Anxiety disorders are some of the most common emotional disorders, cause considerable morbidity, and represent a significant economic burden. At least three key influences appear to be involved in the etiology of anxiety disorders: a) constitutive genetic differences, b) adverse early life event-mediated epigenetic changes, and c) chronic stress-induced plasticity. Our hypothesis for the present proposal will focus on two types of severe anxiety disorders, panic disorder (PD) and social anxiety disorder (SAD). We propose to study two components of the 'serotonergic dorsal raphe nucleus (DRN)-extended amygdala anxiety network': 1) the DRN-basolateral amygdala (BLA) and 2) the DRN-bed nucleus of the stria terminalis (BNST) pathways, which may be critical components in the pathophysiology of PD and SAD, respectively. We will systematically elucidate the behavioral, cellular and molecular effects of a) repeated stress neurotransmitter corticotropin- releasing factor (CRF)-induced plasticity, and b) two forms of genetic vulnerability, specifically, variations in serotonin transporter (SERT) expression using SERT and rats, and locally silencing the 5HT1A receptor gene in the BLA and BNST in the pathophysiology of PD and SAD in the current proposal. Our future studies will address the three-way interactions of stress plasticity and genetic vulnerability with early life stress (maternal separation)-induced epigenetic effects.
In SPECIFIC AIM I, we will test the role of repeated stress- induced long-term plasticity in the BLA-DRN circuit in PD.
In SPECIFIC AIM II, the role of long-term plasticity in the BNST-DRN circuit and SAD will be studied.
SPECIFIC AIM III will determine the effects of reduced expression of SERT and vulnerability to stress-induced plasticity, whereas SPECIFIC AIM IV will study the role of reduced 5HT1A receptor gene expression in the vulnerability to stress-induced plasticity and pathophysiology of PD and SAD. Thus, the work proposed in this competitive renewal will a) characterize 'stress'and 'gene'interaction models of human anxiety disorders such as PD and SAD, b) study the putative disruption in the 'anxiety'circuitry of the BLA and BNST involved in the transition from adaptive panic and social responses to pathological states, and c) elucidate the molecular changes within the BLA and BNST that occur in anxiety disorders. The results of this project could help develop novel genetically targeted treatments and prevention strategies for disabling illnesses such as PD and SAD.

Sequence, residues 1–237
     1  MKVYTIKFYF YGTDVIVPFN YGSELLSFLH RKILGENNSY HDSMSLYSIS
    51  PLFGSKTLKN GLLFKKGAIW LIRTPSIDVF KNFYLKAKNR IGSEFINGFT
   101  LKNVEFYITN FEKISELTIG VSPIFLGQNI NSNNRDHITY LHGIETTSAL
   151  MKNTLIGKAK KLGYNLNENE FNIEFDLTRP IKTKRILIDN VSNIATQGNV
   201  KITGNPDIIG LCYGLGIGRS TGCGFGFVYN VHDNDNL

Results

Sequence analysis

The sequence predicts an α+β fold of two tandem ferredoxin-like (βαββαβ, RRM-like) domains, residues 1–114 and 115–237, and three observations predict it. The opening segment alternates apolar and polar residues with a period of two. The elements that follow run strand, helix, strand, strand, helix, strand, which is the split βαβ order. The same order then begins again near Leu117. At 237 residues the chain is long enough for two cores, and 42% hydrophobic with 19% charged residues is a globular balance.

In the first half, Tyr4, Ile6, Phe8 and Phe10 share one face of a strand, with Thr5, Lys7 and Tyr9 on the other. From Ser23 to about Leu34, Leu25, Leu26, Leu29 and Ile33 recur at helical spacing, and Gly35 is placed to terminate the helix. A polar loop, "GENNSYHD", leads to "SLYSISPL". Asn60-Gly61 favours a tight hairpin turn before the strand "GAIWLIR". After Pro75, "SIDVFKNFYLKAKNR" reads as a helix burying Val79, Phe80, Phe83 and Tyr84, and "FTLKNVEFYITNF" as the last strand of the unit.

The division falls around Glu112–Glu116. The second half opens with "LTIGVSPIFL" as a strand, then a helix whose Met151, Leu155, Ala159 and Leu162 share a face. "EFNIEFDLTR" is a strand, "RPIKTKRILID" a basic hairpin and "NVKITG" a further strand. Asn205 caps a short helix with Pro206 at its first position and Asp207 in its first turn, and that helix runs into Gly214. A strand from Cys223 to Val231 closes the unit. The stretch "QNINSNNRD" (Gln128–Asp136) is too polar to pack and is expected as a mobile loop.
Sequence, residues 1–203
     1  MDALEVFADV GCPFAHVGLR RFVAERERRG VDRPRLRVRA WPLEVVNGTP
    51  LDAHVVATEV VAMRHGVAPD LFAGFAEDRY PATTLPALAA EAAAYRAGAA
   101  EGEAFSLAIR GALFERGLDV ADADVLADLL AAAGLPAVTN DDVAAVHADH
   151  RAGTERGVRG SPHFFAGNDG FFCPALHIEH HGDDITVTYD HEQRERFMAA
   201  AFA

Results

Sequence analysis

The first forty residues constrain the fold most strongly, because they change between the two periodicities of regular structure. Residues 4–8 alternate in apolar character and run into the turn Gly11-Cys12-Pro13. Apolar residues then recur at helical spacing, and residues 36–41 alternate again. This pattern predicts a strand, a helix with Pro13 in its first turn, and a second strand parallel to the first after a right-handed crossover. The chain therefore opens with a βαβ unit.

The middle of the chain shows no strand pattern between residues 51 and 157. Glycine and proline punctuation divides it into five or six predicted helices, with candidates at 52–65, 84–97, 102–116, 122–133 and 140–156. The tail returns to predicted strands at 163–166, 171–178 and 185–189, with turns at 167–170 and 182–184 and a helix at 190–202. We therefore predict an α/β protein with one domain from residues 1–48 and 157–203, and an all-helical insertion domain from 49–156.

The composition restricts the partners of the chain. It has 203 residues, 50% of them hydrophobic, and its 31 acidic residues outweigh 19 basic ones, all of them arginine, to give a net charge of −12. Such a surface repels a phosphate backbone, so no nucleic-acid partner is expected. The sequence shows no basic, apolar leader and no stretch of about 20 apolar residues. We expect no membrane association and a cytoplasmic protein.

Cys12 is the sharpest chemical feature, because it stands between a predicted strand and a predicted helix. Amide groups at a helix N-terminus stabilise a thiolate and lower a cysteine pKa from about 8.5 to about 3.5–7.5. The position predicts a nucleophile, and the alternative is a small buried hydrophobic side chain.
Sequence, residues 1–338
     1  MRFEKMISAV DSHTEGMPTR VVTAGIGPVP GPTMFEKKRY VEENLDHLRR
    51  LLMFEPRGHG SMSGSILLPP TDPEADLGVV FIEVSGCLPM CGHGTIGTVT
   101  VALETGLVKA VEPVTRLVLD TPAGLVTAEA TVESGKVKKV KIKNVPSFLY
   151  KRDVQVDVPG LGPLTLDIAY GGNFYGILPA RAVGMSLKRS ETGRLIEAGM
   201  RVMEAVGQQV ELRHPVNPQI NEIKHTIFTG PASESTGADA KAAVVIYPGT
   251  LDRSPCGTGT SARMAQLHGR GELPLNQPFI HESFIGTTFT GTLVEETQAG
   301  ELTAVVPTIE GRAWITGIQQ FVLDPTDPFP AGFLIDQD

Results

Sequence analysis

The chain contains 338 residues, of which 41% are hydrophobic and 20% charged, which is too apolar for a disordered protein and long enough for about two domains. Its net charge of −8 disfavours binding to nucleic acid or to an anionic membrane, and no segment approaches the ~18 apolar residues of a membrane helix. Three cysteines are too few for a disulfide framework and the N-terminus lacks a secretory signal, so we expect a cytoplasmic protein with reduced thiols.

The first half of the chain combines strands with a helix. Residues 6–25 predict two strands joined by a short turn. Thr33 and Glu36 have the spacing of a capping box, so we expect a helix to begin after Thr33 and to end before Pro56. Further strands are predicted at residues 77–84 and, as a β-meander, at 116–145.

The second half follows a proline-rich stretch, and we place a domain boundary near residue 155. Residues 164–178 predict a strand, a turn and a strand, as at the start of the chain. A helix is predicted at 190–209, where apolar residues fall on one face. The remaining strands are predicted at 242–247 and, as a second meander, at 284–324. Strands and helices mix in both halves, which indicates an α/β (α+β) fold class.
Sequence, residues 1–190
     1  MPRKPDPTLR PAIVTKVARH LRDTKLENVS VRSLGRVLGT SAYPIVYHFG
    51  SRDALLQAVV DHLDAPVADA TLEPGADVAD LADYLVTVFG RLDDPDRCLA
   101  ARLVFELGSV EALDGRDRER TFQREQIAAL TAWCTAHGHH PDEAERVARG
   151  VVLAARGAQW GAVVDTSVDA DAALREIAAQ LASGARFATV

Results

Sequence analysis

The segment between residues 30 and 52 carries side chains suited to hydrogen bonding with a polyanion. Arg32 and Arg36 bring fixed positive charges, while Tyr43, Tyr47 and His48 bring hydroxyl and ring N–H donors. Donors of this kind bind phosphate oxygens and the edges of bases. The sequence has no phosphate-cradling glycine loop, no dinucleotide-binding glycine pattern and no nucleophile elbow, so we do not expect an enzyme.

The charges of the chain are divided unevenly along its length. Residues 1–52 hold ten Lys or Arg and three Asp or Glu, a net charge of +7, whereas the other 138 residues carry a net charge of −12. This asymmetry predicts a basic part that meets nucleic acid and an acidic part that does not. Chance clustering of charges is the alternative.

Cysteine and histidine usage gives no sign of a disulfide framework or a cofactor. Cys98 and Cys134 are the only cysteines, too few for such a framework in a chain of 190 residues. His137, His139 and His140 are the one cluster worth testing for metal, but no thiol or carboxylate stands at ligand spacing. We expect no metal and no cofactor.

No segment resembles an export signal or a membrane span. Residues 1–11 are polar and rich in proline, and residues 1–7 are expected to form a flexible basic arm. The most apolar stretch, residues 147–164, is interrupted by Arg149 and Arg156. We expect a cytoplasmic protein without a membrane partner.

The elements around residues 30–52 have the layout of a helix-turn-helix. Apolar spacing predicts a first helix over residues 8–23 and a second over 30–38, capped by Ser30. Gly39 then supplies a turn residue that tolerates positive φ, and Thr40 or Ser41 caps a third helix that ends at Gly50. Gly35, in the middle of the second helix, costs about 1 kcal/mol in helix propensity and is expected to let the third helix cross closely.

This work will a) study the genetic and molecular mechanisms in the 'anxiety'circuitry in the brain that results in the pathological anxiety states such as panic disorder and social anxiety disorder, and b) characterize stress neuropeptide corticotropin-releasing factor-induced long-term changes and known abnormal serotonin gene interaction models of human panic and social anxiety disorders. The results of these studies could position us to develop novel genetically-targeted treatments and prevention strategies for chronic disabling illnesses such as panic and social anxiety disorder.
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